The April edition of Park Cities People includes a chart breaking down the biographies of the Highland Park ISD trustees. It details the following information: their jobs, when their terms end, whether or not they or their children are Highland Park High School graduates, and which churches they attend.
Two readers have told me that the inclusion of the trustees’ churches was “offensive.” If that offends you, then you’re probably just looking for a reason to be offended.
(Full disclosure: I had a bar mitzvah, but I’ve never been a member of a synagogue as an adult, and I have no plans to keep kosher for Passover.)
The point of that chart was to introduce the trustees to our readers; I’ve been to many of their meetings, so I know how sparsely attended they are. These people are about to make some key decisions about the future of the district and its growing number of students. By including the trustees’ pictures, the idea was that you might recognize them if you saw them at a store or a restaurant or, yes, a church.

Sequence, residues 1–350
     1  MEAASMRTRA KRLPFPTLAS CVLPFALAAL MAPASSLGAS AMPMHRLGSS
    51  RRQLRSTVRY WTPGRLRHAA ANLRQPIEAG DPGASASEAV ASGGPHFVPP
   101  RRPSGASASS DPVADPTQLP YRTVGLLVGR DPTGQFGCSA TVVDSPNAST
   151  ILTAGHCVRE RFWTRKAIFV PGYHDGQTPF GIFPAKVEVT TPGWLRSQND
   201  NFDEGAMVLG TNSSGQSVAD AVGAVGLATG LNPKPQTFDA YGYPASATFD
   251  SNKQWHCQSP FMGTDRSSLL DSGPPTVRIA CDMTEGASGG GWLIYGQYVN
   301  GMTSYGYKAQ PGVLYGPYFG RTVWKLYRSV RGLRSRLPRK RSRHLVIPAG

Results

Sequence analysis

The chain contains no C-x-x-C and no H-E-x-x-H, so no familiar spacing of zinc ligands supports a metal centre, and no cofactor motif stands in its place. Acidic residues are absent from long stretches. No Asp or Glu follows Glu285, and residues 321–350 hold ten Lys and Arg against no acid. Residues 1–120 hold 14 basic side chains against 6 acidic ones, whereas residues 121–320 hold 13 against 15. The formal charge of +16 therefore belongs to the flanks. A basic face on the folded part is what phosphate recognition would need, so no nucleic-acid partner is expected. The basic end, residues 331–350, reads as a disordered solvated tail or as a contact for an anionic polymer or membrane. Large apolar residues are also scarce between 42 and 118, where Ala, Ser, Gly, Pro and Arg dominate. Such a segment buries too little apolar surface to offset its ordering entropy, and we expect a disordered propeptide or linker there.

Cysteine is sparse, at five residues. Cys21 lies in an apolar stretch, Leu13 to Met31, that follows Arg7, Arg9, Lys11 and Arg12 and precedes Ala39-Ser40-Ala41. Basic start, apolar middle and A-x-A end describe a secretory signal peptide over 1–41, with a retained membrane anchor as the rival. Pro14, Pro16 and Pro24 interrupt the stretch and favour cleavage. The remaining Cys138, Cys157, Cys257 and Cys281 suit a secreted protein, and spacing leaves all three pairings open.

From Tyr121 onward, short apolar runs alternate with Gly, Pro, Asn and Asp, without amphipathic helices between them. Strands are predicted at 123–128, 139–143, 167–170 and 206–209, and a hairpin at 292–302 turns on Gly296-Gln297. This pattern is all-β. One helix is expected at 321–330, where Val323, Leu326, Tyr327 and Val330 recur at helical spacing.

I was not trying to say that membership in a Christian church is a prerequisite for serving as a trustee. And I know the school district is saying no such thing by including the trustees’ churches on this page. I, and HPISD administrators, know all about the separation of church and state. But that separation does not mean trustees of a public-school system have to hide their Christianity or their church affiliations.
If you genuinely think the board would benefit by having a member who’s an atheist, a Buddhist, a Hindu, a Jew, a Muslim, or a Wiccan, then put your money where your mouth is. The seats held by board president Leslie Melson and vice president Jim Hitzelberger will be up for grabs a year from now. Go for it.